14 Decorative Delights for Kids' Rooms
From flat-pack DIY dolls to funky furniture, here are some gorgeous ideas for underage retreats
Banish all thoughts of resale value and don’t be too serious when doing up the bedrooms that belong to the youngest members of the household. Instead, give in to the life-affirming power of pure playfulness with these spirited ideas ...
1. Play centre
Graphic designer Sarah Gardner works from her Westmere studio creating a range of flat-pack toys that she sends all over the world. The idea came to her when she fashioned a play oven for her young daughters out of a regular cardboard box. “Friends liked it so much and asked me to make them one,” says Gardner who now uses corrugated cardboard in toys she markets under the brand Flatout Frankie.
“It was important to me that the toys could end up anywhere in the house and not be an eyesore.” Some of her latest designs include ‘stack-up’ dolls and pirates made from thick board. These are simplified, sculptural playmates with a few different ways to put the pieces together. “As a child, I loved paper dress-up dolls, but hated that the clothes kept falling off.”
2. Painted playgrounds
Colour is the perfect complement to your child’s innate desire to make their mark, so try not to fall into the ubiquitous choice of white. Interior designer Tomi Williams of Indigo Design lists some of her favourite tones as: Resene’s ‘Half New Denim Blue’ (a grey-blue akin to washed slate), ‘Sakura’ (the palest, prettiest pink) and ‘Spotlight’ (a gleeful egg-yolk yellow).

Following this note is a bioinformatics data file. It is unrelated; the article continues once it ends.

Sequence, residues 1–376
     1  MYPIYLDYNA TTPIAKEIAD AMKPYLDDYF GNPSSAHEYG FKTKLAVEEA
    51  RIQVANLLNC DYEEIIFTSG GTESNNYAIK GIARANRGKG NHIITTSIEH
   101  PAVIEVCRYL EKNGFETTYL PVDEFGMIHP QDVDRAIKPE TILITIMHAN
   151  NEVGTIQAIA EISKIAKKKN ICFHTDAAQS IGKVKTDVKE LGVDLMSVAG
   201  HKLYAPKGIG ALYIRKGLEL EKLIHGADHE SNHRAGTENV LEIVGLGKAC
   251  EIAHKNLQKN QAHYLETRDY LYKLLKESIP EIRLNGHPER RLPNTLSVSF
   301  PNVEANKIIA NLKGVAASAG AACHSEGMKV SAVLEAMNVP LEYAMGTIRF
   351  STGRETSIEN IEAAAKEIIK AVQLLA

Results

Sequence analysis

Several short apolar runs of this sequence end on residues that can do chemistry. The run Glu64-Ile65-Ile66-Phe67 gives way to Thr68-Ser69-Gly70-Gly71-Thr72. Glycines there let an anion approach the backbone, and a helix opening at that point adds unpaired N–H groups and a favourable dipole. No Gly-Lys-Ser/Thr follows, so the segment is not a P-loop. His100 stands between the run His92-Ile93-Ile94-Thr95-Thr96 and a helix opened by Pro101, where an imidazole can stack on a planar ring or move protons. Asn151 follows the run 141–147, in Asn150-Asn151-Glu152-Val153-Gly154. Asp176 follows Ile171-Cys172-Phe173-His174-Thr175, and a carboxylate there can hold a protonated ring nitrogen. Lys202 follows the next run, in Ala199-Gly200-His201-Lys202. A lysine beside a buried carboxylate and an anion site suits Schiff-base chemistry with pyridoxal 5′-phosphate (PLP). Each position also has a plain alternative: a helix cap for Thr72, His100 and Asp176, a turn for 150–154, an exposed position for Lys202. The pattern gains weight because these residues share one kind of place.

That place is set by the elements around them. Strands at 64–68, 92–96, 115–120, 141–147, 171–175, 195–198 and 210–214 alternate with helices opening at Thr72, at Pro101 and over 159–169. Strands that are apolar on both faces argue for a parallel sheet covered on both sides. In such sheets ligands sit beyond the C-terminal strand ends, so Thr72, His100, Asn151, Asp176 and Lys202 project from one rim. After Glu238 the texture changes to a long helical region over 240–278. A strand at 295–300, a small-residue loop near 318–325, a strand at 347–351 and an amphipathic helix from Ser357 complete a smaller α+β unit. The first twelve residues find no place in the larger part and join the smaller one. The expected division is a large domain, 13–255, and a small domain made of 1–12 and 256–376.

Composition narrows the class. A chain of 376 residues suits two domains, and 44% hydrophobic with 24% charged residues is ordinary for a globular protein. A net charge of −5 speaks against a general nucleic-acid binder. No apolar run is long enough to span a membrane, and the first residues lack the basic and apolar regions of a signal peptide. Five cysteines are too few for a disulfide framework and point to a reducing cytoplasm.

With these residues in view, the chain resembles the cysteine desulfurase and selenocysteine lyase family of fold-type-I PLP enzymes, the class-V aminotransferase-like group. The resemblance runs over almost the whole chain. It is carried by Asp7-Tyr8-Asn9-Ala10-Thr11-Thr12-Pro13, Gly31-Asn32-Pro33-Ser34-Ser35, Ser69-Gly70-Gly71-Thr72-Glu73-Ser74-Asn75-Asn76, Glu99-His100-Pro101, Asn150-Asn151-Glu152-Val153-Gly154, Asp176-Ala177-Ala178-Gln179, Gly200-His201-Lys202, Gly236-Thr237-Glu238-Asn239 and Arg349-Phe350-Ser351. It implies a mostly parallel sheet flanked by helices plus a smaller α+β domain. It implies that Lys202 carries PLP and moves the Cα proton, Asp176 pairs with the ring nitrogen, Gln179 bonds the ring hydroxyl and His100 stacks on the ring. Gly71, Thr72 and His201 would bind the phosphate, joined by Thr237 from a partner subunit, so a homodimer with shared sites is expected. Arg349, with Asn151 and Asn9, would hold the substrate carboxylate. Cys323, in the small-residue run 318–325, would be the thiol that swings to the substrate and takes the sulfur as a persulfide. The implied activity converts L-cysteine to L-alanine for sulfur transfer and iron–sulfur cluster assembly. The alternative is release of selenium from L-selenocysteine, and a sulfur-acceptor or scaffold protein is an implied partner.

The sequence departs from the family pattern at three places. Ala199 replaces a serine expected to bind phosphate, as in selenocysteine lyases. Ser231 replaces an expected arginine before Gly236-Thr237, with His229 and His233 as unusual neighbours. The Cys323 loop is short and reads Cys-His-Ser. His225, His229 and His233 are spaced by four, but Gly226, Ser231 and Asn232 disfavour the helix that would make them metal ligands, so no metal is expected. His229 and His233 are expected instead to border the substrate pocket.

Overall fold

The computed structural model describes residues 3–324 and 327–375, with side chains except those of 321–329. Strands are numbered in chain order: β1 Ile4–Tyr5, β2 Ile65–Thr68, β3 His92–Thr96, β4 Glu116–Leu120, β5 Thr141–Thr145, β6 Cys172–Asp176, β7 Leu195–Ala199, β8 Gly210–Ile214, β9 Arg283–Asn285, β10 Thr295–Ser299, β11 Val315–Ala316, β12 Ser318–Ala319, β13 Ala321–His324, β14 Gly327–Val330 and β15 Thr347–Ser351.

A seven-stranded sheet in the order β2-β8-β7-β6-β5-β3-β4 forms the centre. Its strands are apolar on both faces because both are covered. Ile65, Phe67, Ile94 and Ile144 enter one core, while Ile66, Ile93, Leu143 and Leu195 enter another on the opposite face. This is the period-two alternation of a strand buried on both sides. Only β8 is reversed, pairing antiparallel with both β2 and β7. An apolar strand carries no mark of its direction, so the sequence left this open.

3. Wall stories
Chalkboard paint allows free-spirited scallywags unrestrained access to the vertical surfaces of their domain, with no censure on their creativity. If you don’t want to commit it to the entire room, consider defining a space such as wardrobe doors or a desk alcove in the paint, advises Williams. If you’re renting, there’s the option to hang a whimsical plywood chalkboard instead. Hudson Paint NZ has boards that can be custom painted in a range of 22 eco-friendly, New Zealand-made colours. Choose from shapes such as bunny rabbits, rhinos or hippos, rockets, tutus and whales.
4. Paper capers
In her 7-year-old son Luca’s room, Williams channelled his favourite activity by using ‘Line up’ by Mr Perswall, from Paper Room. This wallpaper features photographic images of skateboards — a relevant interest now and one that will last well into Luca’s early teens. Remember, wallpaper isn’t just for use on walls, says Williams. Try it on the ceiling (especially if it’s low and attic-like) or wardrobe doors.
5. Dressed for dreams
Bed linen for adults is seriously stylish, but youngsters have their pick of the fantastical and fabulous. New from Thread Design are two collections that mix and match like a lolly scramble. Dots and drops are the feature elements. Hard-wearing black denim can be teamed with multi-coloured, over-sized raindrops on a white background. If you’re passionate about polka dots, this pattern comes in yellow or navy; top up the sunny side with a graphic greeting on a cushion cover that says “Hello Sunshine”.
6. Stick ’em up
Vinyl decals are an easier, quicker route to self-expression. Retro Robots in either blue or green, in the Living wall sticker collection (also from Paper Room) are a cute pair of mechanical mates who soup up the science-fiction factor.
7. Lofty slumbers
Forward-thinking parents know there’ll come a time when study replaces sleepovers as numero uno on the priority list. That’s when a loft bed comes into its own. In more compact bedrooms, the New York-style design of an elevated bunk, accessed via a ladder, is a space saver and helpfully leaves room on the floor for a desk for homework and study. See urbankids.co.nz for a sturdy, New Zealand-made version in pine.
8. Head to bed